2 min read

What is Maverick Spend?

A recent discussion in the Foundry regarding maverick spend produced some interesting responses. We wanted to follow up on this discussion by offering our definition of it and go more in-depth on this topic, particularly how it works for measuring key metrics and how it impacts your procurement department.  

What is it? 

Our accepted definition of maverick spend (also sometimes called rogue spend) involves the act of buying from suppliers without following the company’s pre-established procurement policy. Doing this has repercussions, including that when you purchase products or services out of contract—or from non-preferred suppliers—your company is unable to receive usual benefits like preferred supplier discounts, etc. And you have likely worked hard and negotiated for these. 

Worrying about maverick spend might seem a bit dramatic—or perhaps it may not seem like such a big issue to you— but we assure you that its effects can collect over time, causing huge headaches at best and costing you a ton of money, or more, at worst. 

As we mentioned above, a few of our members in our Foundry community added their own definitions of maverick spend. One member defined it as “spend that your sourcing group has not touched or is not on a contract you established,” while another explained that “maverick spend is any spend that is above my company’s pre-determined spend limit for contracting.” 

 

Why Does Procurement Need to Stop Maverick Spend?  

Although we touched a bit on the repercussions of maverick spend, we wanted to take it one step further by sharing an example of how it can get out of control to drive the point home. 

Imagine that your sourcing team negotiated an impressive contract allowing them a generous discount of 30% off from office supplies from your selected office supplies vendor. Now, naturally included in this contract would be discounts that were reliant on the volume of the supplies purchased. Are you with us so far? Everything seems fine, right?  

Now imagine that your employees—instead of buying from the vendor mentioned above that you have a contract with—decide to purchase office supplies from another vendor. Nine times out of ten, this will mean that you are paying higher prices (losing out on savings and profit) because no discounts exist with this out-of-network vendor. There has been no contract negotiation for that 30% off. Simply put, your employees have gone rogue and purchased outside of the lines, costing you profits. That is one of many examples of how maverick spend can present itself in operations.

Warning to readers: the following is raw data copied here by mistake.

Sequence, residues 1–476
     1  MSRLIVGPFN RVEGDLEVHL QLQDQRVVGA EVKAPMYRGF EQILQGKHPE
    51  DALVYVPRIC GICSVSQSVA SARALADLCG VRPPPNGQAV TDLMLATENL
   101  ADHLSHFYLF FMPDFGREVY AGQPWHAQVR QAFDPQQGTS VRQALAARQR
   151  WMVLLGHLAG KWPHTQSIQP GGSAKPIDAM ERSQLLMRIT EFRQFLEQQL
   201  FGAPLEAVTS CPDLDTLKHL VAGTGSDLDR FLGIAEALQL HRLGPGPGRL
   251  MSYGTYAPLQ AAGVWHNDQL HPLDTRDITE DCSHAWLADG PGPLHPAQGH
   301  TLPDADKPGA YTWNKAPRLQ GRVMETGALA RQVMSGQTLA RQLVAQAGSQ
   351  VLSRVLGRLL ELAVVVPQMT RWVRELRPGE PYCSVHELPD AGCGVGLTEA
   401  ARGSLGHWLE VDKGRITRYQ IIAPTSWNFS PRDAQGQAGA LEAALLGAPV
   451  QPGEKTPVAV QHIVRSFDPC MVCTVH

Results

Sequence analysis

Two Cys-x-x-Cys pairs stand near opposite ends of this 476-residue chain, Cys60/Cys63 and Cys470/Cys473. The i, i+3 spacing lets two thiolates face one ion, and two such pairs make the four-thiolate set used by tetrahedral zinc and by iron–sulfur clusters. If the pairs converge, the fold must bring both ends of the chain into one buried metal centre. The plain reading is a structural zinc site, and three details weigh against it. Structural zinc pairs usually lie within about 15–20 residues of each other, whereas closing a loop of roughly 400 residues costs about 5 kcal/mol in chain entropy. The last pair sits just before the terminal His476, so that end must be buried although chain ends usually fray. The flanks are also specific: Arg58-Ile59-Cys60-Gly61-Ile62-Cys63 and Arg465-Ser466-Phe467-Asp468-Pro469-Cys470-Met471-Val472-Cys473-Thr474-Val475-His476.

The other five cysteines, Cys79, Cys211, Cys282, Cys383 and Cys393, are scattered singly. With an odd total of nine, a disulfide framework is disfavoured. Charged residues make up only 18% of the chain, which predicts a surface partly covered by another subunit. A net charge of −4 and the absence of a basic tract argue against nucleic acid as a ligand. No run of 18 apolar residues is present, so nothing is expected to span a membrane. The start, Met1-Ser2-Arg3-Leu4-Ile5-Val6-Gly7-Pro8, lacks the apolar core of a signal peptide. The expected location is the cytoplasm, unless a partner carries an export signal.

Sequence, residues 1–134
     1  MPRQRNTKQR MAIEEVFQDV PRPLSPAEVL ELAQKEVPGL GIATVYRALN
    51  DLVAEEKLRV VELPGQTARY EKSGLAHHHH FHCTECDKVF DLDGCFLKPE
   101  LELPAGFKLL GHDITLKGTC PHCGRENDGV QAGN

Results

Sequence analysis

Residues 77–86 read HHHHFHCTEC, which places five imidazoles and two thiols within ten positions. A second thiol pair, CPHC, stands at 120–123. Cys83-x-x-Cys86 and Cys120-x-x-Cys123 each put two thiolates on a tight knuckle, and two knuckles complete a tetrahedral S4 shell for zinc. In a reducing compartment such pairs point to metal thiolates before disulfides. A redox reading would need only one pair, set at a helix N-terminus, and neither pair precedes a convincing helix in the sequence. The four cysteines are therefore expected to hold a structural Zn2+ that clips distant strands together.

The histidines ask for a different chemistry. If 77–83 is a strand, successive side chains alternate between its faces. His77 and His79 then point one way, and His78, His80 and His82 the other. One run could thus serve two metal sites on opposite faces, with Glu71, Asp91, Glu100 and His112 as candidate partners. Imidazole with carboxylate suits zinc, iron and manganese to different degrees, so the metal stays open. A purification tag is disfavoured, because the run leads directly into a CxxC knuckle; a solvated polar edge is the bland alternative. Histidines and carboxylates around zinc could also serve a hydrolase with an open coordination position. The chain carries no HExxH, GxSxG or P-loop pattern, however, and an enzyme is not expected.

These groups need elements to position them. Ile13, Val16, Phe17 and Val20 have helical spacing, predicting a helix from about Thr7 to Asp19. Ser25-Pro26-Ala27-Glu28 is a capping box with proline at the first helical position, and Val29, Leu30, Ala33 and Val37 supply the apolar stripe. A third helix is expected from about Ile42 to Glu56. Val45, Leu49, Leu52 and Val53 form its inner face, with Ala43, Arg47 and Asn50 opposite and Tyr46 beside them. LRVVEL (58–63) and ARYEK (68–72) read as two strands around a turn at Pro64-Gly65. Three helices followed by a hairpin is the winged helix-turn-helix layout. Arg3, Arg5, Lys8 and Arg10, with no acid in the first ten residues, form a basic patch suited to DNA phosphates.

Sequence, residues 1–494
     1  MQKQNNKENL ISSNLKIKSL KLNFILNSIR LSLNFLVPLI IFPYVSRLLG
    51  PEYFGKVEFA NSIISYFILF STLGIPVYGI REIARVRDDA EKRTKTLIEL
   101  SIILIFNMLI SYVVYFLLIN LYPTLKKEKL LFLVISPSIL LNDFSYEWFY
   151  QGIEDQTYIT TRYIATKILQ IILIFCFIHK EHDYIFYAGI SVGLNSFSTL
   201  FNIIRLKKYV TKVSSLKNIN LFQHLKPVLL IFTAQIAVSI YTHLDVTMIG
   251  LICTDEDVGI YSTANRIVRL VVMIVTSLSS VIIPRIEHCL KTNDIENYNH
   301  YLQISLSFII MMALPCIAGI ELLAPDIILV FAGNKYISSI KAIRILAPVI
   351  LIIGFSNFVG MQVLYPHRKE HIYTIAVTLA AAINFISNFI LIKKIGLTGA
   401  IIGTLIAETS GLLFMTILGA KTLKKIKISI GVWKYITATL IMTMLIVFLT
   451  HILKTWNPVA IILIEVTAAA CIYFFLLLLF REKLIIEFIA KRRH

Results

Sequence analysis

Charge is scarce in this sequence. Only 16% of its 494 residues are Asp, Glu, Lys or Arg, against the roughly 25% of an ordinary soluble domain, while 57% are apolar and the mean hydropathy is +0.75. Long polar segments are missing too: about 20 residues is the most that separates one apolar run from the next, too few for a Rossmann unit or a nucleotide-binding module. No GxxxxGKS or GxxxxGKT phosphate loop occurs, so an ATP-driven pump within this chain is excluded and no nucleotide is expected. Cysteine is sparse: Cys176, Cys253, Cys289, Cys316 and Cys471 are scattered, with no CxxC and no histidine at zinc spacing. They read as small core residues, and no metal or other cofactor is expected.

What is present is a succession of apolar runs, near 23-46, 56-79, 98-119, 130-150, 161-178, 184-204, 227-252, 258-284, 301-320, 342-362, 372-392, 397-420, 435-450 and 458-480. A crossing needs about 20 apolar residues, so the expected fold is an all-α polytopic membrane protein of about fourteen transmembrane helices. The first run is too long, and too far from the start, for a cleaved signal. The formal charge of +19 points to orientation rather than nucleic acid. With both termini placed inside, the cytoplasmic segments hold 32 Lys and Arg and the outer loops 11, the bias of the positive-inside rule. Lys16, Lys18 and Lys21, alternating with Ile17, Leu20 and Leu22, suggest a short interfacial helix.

How Can Procurement Stop Maverick Spend? 

Rather than simply leaving you with a definition and somewhat dark view of the repercussions of maverick spend, we’re going to help you understand how to stop it in a few simple steps.  

First, you must identify the maverick spend. When doing this, spend visibility is key. By conducting a comprehensive spend analysis, you can begin to identify gaps across all spend data sources. This can help you successfully target who, what, and where the main problem is rooted in. 

The next step is to examine why maverick spend is happening, including the specific processes causing it. Most employees don’t engage in maverick spending on purpose or spitefully, but instead, it is often simply a matter of their not having a solid understanding of the procurement process. If this is the case, knowing they are confused can alert you to a need for a more simple process or some other innovative and relevant solution.  

When reviewing your process for possible improvements, ask other departments about their spend. You’d be surprised what you can discover and how it can help. Once you have researched and asked the necessary questions to uncover the issues, you can create new processes.  

Regardless of what is fueling it, the bottom line is that maverick spend and going rogue outside of approved procurement rules ends up costing companies much more than just a pretty penny. Knowing the serious repercussions of maverick spend, it is more than worth it for your operation to invest in digging into your procurement activities and ensuring that all is well—not rogue. 

By Michael Cadieux

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